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What it's like being adopted

It's been 12 years since Zoe was adopted and she recalls the times she has been asked the question "What's it like to be adopted?"

May 11th 2005 marked the twelfth anniversary of my adoption, an occasion which never passes us by without acknowledgement.

Image of white girl smiling
It has always been a very personal affair, a commemoration of yet another milestone. I can recall the countless times when the question, "what´s it like to be adopted?" has been put to me by inquisitive classmates and often I attempted objectivity by asking in return, "what´s it like not to be?"

It was much easier ten years ago; I just tried to explain that, as good as they are, films like Annie, Oliver! or Curly Sue don´t exactly hit the nail on the head as far as addressing the issues surrounding childhood adversity is concerned. Nowadays, it´s difficult to explain without sounding like some sort of martyr.

The truth is that although I was (and am) glad to be asked, I have never been able to answer this kind of question with frankness. Perhaps naively, the nature of the security in my family seems obvious to me. I am still prone to forgetting that not everyone has been as fortunate when it comes to mothers (after all, mine was hand-picked from an elite few). There are many children who have grown up in desperately unhappy circumstances.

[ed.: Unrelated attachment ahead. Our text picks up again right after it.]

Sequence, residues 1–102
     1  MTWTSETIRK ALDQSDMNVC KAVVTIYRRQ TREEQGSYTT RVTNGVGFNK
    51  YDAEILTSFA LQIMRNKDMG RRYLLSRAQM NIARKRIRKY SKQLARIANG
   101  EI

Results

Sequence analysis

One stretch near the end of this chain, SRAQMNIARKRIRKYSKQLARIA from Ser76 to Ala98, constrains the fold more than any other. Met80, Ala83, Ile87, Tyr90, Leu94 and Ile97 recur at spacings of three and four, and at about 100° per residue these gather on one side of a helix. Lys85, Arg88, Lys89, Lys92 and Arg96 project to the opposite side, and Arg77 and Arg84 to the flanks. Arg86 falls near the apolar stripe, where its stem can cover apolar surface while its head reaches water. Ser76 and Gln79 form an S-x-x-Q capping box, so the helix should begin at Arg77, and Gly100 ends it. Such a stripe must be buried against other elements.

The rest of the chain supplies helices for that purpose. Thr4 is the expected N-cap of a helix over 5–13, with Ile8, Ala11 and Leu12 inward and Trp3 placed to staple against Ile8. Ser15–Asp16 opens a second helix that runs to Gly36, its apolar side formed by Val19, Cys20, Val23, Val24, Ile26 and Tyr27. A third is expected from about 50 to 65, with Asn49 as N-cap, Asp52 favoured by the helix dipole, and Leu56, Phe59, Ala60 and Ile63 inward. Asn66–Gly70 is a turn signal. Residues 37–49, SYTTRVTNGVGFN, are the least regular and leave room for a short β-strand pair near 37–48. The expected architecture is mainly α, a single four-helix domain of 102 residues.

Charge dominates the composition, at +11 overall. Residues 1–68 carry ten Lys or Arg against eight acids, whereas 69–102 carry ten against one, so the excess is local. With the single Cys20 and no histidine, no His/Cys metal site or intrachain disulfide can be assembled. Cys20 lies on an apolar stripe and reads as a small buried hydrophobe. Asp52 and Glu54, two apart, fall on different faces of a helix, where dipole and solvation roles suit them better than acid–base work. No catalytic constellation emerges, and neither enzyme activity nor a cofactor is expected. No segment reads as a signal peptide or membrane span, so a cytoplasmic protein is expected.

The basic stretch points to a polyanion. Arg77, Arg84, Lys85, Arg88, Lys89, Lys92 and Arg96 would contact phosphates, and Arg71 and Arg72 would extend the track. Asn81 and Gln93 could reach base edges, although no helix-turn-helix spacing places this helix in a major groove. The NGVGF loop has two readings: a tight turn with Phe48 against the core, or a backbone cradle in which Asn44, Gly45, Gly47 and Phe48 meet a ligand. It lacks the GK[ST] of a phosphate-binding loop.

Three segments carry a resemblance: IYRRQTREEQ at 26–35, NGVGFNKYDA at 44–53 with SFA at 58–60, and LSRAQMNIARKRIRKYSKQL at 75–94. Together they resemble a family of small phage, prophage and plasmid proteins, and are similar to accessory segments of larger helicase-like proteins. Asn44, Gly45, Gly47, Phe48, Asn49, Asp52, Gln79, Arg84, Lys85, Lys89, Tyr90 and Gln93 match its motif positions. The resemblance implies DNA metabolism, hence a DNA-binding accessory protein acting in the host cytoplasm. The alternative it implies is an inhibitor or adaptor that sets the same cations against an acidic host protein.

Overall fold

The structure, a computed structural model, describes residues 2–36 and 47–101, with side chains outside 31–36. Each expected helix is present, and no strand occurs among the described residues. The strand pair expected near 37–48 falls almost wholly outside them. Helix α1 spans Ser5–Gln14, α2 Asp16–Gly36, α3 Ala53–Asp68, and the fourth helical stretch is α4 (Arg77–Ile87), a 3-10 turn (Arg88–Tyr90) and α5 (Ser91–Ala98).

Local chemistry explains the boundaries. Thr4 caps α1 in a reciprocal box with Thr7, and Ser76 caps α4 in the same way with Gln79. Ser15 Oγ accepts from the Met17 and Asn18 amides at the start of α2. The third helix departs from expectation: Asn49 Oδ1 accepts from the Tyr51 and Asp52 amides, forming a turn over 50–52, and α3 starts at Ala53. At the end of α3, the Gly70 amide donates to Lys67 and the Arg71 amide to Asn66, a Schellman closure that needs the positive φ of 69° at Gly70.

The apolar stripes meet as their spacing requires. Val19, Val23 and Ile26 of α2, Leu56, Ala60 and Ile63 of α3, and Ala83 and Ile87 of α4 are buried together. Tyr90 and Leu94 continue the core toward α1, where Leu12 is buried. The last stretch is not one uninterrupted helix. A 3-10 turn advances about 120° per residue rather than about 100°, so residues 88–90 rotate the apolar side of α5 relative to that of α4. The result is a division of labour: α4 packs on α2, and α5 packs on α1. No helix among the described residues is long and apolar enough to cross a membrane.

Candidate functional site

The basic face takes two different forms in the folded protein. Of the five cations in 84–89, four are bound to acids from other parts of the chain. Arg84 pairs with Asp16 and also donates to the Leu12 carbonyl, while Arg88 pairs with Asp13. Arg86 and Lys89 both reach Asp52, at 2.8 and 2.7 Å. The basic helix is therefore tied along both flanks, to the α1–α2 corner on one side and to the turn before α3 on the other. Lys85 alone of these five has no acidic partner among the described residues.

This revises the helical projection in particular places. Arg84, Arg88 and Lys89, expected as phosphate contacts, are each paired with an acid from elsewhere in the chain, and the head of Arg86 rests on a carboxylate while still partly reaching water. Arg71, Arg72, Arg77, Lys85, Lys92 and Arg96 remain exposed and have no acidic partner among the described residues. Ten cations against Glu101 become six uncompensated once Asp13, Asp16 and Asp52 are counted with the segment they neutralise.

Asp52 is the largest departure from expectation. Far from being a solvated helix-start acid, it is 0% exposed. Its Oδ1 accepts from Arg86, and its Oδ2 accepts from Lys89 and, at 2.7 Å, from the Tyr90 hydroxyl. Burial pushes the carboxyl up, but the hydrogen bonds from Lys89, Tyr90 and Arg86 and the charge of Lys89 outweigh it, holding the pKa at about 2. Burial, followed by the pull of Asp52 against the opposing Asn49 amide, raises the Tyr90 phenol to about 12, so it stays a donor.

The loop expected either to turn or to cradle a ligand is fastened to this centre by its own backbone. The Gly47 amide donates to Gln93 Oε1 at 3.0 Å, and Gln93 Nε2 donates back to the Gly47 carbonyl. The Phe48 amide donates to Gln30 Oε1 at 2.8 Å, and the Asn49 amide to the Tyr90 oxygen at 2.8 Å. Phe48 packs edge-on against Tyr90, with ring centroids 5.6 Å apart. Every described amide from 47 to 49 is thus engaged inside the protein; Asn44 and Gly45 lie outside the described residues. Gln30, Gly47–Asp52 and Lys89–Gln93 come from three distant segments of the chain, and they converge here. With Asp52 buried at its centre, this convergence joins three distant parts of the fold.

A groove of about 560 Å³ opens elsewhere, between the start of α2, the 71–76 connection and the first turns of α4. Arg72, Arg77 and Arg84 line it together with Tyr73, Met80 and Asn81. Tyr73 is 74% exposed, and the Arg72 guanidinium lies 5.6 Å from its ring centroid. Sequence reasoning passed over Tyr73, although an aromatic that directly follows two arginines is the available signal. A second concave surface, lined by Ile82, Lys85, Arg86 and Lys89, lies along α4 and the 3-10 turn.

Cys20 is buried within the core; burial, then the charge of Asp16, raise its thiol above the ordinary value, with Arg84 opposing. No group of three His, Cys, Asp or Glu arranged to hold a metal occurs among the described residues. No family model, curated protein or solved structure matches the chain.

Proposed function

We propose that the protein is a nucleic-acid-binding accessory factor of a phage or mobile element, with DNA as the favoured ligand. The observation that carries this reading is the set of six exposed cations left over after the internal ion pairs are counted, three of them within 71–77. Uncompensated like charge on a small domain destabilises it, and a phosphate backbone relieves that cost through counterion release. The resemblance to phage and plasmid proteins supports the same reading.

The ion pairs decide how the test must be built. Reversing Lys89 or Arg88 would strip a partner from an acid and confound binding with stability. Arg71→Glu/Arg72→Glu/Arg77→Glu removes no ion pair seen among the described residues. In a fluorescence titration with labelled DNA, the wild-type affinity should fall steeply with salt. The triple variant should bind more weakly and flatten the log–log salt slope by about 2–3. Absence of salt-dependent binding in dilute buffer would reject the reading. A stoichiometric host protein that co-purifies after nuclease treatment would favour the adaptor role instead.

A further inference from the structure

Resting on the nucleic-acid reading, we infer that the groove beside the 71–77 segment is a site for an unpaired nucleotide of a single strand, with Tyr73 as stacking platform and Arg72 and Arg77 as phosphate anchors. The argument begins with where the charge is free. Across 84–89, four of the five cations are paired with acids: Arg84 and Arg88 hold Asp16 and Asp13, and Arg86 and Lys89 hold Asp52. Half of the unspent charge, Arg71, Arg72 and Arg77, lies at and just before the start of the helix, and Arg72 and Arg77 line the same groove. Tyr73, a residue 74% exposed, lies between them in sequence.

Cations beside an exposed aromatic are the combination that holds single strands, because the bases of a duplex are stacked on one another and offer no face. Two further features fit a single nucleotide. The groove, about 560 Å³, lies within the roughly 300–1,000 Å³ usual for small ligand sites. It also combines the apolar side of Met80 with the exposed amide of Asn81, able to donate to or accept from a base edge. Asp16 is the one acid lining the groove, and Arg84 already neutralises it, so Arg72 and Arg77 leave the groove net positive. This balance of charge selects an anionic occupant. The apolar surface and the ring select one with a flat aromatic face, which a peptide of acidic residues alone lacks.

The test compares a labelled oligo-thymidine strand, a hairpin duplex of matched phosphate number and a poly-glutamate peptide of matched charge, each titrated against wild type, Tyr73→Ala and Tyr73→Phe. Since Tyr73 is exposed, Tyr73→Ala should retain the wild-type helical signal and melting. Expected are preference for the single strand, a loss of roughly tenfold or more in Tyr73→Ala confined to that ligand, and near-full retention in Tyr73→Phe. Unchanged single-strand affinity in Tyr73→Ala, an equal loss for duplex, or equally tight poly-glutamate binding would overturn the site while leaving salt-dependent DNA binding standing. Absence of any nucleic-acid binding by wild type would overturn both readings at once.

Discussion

My birth parents met in a mental health treatment centre. Having found common ground, they married and produced two children. I spent very little time in their care in the years in and out of foster homes due to my mother´s illnesses and inability to manage, and so barely developed ´normal´ attachment to either parent. Contact with my father discontinued after his conviction 17 years ago and has not been regained since.

Adoption, as I understand it, had always been on the agenda throughout my latter placements and, during the 18 months I spent at a children´s in-patient psychiatric unit, I was continually prepared for this.

By the time I´d turned seven, I was definitely ready for permanent parents. When my social worker showed me a picture album compiled by a 29-year-old Scottish lady called Annabelle, I studied her photographs with feelings of curiosity, nervous excitement and uncertainty. I remember our first meeting vividly and still have the teddy bear she gave me as a memento. I moved to Cumbria a month later, started a new school and a new kind of existence. Life for Annabelle had inevitably changed forever.